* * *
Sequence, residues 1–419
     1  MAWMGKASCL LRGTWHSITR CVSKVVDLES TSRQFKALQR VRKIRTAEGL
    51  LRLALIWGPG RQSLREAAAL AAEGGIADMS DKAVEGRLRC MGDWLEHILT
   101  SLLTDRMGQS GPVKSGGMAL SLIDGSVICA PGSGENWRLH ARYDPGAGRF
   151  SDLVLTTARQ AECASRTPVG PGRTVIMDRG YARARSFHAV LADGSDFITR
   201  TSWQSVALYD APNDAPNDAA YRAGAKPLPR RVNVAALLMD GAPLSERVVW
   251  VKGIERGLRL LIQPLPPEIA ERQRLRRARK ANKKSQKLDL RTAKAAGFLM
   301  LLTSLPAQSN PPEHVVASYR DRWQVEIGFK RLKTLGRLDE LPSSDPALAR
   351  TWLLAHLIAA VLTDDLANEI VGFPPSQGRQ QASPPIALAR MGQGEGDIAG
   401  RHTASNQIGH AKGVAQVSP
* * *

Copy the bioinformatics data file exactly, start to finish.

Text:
Sequence, residues 1–419
     1  MAWMGKASCL LRGTWHSITR CVSKVVDLES TSRQFKALQR VRKIRTAEGL
    51  LRLALIWGPG RQSLREAAAL AAEGGIADMS DKAVEGRLRC MGDWLEHILT
   101  SLLTDRMGQS GPVKSGGMAL SLIDGSVICA PGSGENWRLH ARYDPGAGRF
   151  SDLVLTTARQ AECASRTPVG PGRTVIMDRG YARARSFHAV LADGSDFITR
   201  TSWQSVALYD APNDAPNDAA YRAGAKPLPR RVNVAALLMD GAPLSERVVW
   251  VKGIERGLRL LIQPLPPEIA ERQRLRRARK ANKKSQKLDL RTAKAAGFLM
   301  LLTSLPAQSN PPEHVVASYR DRWQVEIGFK RLKTLGRLDE LPSSDPALAR
   351  TWLLAHLIAA VLTDDLANEI VGFPPSQGRQ QASPPIALAR MGQGEGDIAG
   401  RHTASNQIGH AKGVAQVSP